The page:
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Possible Duplicate:
Can I list-initialize a vector of move-only type?

I use gcc 4.6.1 to compile this code

int main()
    std::vector<std::unique_ptr<int>> vec({
            std::unique_ptr<int>(new int(0)),
            std::unique_ptr<int>(new int(1)),
    return 0;

In what g++ complains there is something like

/usr/lib/gcc/x86_64-unknown-linux-gnu/4.6.1/../../../../include/c++/4.6.1/bits/stl_construct.h:76:7: **error: use of deleted function 'std::unique_ptr<_Tp, _Dp>::unique_ptr(const std::unique_ptr<_Tp, _Dp>&)** [with _Tp = int, _Dp = std::default_delete<int>, std::unique_ptr<_Tp, _Dp> = std::unique_ptr<int>]'

It seems g++ still tries copy constructor in this case, though what I have put into initializer list are r-values. So how could I initialize a container of noncopyable with initializer list?

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marked as duplicate by Xeo, WTP'--, sbi, R. Martinho Fernandes, Etienne de Martel May 29 '12 at 15:13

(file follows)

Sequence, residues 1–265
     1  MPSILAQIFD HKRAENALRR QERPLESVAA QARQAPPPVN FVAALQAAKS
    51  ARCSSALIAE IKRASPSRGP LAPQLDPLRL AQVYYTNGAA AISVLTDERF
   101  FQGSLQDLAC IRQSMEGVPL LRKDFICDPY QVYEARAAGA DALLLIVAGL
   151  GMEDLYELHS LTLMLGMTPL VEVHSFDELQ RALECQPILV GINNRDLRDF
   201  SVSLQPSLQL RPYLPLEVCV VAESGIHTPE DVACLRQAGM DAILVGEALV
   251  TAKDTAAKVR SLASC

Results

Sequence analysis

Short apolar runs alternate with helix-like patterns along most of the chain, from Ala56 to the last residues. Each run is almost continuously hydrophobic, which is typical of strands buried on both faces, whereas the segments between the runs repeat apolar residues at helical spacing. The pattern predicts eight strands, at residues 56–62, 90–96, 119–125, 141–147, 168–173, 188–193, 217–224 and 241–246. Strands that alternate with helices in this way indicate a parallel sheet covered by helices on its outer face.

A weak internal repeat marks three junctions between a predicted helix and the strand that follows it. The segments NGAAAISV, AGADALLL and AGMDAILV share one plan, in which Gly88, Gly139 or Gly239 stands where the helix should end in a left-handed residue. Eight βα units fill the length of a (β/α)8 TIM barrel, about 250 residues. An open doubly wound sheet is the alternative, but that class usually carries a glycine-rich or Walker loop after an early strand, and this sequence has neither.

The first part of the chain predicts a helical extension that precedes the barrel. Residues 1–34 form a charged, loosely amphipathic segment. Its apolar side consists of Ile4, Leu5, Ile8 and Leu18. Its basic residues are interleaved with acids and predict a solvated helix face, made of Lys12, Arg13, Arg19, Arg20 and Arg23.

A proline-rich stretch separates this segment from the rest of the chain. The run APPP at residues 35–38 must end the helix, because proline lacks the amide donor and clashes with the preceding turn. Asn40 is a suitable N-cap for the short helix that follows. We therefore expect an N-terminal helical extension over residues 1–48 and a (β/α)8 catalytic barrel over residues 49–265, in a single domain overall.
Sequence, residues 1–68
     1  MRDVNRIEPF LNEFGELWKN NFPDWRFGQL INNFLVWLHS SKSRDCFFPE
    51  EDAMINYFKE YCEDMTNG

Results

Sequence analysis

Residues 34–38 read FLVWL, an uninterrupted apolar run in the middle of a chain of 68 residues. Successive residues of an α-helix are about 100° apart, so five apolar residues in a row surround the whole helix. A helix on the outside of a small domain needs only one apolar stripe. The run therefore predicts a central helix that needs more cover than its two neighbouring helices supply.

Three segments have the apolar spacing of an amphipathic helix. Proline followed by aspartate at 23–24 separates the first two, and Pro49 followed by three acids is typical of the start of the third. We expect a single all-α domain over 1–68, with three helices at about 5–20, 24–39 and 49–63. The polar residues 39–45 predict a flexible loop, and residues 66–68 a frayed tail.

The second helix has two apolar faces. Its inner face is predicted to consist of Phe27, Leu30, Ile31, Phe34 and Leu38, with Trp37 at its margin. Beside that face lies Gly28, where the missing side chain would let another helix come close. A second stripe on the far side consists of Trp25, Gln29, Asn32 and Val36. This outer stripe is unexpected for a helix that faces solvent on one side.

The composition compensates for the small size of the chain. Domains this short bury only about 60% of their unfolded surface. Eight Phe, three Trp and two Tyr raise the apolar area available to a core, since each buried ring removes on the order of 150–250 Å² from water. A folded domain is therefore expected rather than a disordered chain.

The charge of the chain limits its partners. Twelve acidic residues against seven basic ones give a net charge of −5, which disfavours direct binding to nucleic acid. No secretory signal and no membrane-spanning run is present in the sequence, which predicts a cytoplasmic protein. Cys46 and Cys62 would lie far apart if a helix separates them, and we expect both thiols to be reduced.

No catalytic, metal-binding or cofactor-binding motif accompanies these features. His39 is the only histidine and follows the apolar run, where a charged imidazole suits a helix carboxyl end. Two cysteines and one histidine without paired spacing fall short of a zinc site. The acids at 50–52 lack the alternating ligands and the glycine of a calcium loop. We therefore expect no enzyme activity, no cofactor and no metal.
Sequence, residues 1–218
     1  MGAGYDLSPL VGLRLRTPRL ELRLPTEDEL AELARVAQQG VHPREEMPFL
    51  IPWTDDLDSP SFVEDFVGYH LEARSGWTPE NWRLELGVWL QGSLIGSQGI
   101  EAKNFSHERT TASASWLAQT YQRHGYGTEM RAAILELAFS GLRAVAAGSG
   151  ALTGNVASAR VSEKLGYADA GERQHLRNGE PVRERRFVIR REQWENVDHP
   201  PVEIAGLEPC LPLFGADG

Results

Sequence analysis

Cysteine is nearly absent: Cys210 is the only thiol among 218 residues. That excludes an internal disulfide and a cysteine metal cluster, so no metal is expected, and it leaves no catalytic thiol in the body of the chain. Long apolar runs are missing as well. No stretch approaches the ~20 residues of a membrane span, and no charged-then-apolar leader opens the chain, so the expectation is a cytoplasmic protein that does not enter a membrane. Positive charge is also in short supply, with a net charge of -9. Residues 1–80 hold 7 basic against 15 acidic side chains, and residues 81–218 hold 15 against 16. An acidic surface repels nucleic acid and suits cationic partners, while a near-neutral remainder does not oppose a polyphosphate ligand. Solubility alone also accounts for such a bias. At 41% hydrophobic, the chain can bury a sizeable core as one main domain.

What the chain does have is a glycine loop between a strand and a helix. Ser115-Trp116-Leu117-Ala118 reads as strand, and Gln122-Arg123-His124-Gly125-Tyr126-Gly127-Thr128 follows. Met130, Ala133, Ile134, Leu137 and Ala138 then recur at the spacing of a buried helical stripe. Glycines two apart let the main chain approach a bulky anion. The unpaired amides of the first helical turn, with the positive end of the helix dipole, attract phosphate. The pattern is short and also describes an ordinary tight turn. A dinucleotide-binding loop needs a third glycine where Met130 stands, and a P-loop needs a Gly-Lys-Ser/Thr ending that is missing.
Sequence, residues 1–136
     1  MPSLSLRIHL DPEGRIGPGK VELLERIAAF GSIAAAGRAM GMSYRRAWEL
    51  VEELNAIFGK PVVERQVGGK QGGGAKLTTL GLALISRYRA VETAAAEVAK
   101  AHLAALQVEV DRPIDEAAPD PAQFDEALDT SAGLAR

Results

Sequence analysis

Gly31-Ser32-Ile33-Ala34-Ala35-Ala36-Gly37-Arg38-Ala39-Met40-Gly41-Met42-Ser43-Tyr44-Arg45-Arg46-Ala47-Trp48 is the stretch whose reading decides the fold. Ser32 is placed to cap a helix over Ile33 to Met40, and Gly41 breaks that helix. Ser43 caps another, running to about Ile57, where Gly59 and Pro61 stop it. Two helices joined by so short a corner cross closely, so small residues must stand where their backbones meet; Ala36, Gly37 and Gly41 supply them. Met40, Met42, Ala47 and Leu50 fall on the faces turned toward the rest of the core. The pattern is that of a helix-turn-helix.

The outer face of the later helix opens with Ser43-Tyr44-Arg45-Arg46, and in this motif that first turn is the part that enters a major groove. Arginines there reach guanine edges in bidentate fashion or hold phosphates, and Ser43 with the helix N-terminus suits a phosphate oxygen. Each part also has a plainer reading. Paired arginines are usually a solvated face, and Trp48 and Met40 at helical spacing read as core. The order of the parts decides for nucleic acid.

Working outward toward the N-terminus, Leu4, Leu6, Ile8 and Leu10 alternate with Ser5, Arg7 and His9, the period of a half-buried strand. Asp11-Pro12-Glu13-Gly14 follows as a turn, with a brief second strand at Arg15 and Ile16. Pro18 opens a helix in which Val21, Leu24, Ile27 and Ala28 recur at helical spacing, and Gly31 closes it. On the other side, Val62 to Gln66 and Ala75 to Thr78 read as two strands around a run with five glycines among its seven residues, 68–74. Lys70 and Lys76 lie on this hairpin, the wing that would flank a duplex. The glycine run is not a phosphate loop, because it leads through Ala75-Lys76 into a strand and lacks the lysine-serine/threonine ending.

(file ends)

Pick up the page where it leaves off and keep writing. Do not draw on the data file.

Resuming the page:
This question has been asked before and already has an answer. If those answers do not fully address your question, please ask a new question.

Interesting. From what I've test there don't seem to be any way to do this... – Klaim Jul 24 '11 at 12:10
up vote 4 down vote accepted

You can't move objects out of initializer lists, since they only allow const access to their members. As such, you can't use initializer lists and move constructors; they can only be copied.

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As the next-best thing, though, you could use reserve(2) followed by two calls to emplace, which won't even invoke any move constructors. – Kerrek SB Jul 24 '11 at 11:24
Hmm, that should be a bug of C++0x. In this situation members of initializer list should have a r-value access. – neuront Jul 26 '11 at 4:06

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